The Senate wrapped up debate on the budget and gave it third reading on Wednesday, while the House continued work in committees. Only three weeks remain on the 2014 legislative calendar - there is little time left to finish up work for the year.
Senators worked late nights this week before ultimately giving their version of the FY 2014-2015 $7 billion state budget third reading on Wednesday. Dedicated funding for SC’s crumbling infrastructure and highway system was not included in either version of the budget and has not been debated. The budget now heads back to the House and a likely conference committee to iron out the differences in each version.
Two weeks ago, the Senate unanimously passed H. 3893 relating to Common Core. The House passed the legislation before furloughing in April. In both bodies, the legislation keeps the current Common Core State Standards in place for math and English and language arts for the next school year. During that time, a review will be completed and new, state-developed standards must be in place by the 2015-16 school year.
The new standards or revisions must be approved by the Education Oversight Committee, as well as the General Assembly, and the State Department of Education would be required to notify the Governor and General Assembly of any plans to change existing standards. The legislation also removes South Carolina from the Smarter Balance assessment consortium. The Senate added a provision to create a review committee for the procurement of an assessment system. The House will likely debate the Senate changes to the Common Core legislation next week.
Two weeks ago, the Senate voted in favor of S.1189, legislation that aims to diversify utility companies’ energy generation portfolio by creating targets for renewable energy. The bill was sent to the House and passed the House LCI committee with a favorable report on Wednesday of this week. Debate on the House floor could begin as early as next week. S.1189 provides protections for rate payers and allows regulated utilities to recover costs associated with renewable energy production. The bill has drawn complaints from groups outside of SC, but interested parties in SC have worked together over the past year to find common ground on diversifying South Carolina’s energy generation.
Texting While Driving Bans
A novice driver texting ban that passed the Senate earlier this year S. 459, was amended by the House Education and Public Works Transportation committee this week to include H. 4386. H. 4386 is a bill with language that bans texting statewide and passed the House earlier this year. The bill is now on the House calendar and could be debated as early as next week.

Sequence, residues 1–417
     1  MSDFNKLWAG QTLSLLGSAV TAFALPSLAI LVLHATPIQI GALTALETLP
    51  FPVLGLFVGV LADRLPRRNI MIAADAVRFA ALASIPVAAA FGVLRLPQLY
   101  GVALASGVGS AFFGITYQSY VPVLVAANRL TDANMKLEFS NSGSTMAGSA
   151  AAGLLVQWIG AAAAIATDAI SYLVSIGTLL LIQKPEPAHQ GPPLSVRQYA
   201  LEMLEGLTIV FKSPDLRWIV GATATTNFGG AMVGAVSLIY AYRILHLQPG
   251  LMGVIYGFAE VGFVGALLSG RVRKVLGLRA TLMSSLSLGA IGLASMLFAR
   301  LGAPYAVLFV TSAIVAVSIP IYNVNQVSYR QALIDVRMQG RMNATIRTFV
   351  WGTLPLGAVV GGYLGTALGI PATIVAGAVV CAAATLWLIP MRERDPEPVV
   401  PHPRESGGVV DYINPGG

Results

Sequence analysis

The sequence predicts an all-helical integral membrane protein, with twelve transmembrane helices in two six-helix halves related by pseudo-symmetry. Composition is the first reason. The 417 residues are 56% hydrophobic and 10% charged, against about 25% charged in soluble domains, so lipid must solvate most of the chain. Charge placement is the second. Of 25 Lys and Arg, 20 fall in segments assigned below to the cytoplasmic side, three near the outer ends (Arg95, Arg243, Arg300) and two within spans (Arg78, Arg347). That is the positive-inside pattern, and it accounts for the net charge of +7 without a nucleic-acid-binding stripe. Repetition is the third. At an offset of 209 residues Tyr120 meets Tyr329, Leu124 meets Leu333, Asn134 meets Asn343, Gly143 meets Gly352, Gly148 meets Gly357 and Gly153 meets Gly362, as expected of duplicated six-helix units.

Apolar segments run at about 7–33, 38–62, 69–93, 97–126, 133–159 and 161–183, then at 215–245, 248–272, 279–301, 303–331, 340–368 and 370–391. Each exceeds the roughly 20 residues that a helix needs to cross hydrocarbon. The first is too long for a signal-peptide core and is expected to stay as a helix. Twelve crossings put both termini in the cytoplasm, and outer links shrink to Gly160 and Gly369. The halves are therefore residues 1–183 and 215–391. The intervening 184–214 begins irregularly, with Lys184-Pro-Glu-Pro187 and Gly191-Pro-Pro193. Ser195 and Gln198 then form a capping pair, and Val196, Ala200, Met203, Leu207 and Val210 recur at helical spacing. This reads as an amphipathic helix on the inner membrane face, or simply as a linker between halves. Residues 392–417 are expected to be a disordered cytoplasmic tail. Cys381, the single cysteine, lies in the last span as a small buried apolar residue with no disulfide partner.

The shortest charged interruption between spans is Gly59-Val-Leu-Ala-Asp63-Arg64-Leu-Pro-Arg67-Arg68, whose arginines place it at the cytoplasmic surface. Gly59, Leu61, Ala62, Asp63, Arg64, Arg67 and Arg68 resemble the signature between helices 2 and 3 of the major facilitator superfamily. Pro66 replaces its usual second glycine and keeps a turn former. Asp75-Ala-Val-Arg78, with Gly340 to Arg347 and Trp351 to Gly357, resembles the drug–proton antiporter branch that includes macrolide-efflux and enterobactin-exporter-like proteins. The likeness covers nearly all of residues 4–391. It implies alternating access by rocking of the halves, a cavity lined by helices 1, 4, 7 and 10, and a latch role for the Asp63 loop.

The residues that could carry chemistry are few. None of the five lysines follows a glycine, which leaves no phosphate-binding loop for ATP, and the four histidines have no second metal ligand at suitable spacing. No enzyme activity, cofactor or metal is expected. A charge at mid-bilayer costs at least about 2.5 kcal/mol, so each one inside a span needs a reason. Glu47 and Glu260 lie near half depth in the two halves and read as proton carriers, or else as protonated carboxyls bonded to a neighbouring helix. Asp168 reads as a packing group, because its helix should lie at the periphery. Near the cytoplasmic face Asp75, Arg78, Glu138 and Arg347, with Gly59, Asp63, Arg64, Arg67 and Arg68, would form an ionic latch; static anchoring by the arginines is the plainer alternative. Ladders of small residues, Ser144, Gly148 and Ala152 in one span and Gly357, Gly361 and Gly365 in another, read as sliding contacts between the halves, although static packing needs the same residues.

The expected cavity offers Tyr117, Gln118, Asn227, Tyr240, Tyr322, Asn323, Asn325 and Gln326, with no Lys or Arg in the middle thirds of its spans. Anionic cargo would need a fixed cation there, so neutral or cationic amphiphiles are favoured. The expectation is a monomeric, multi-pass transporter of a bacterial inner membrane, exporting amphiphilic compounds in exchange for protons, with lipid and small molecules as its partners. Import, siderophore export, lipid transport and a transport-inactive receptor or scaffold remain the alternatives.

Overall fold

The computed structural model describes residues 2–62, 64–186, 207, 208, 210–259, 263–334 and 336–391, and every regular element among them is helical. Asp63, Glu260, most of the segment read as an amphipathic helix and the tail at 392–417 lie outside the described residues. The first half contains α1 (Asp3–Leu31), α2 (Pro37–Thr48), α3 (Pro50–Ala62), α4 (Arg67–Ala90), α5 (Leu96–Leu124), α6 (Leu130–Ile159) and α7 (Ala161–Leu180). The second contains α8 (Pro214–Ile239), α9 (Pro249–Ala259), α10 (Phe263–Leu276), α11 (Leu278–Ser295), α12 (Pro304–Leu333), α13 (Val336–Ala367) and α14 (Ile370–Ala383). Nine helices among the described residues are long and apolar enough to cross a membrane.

Transportation and Infrastructure Funding
Two weeks ago, the Senate voted to set the Highway Funding legislation H.3412 for Special Order by a vote of 34-4, which will hopefully ensure that highway funding will be debated in the Senate this session. Now that the Senate has finished debating the budget, the business community hopes the clock doesn’t run out before this urgent matter is debated! The bill is a comprehensive transportation and infrastructure funding package that contains a host of funding proposals.
Unfortunately, so far this year there has been very little movement on road funding legislation - dedicated funding for SC’s crumbling infrastructure and highway system was notably missing from the House version of the budget and so far has not made it into the Senate version of the budget. Governor Haley called on the legislature to use at least $100 million of the “new” money for transportation funding in her “State of the State Address” in January. Last year’s efforts to address the state’s dire infrastructure needs were just a starting point, and the business community has urged the legislature to continue working toward solving our state’s road funding needs.
The South Carolina Department of Employment and Workforce (SC DEW) released data this morning stating that SC’s unemployment rate dropped to 5.3% in April from 5.5% in March. This is the lowest unemployment rate seen in SC in 13 years with the number of South Carolinians working reaching a historic high of just over 2 million.
Information provided by the Greater Easley Chamber of Commerce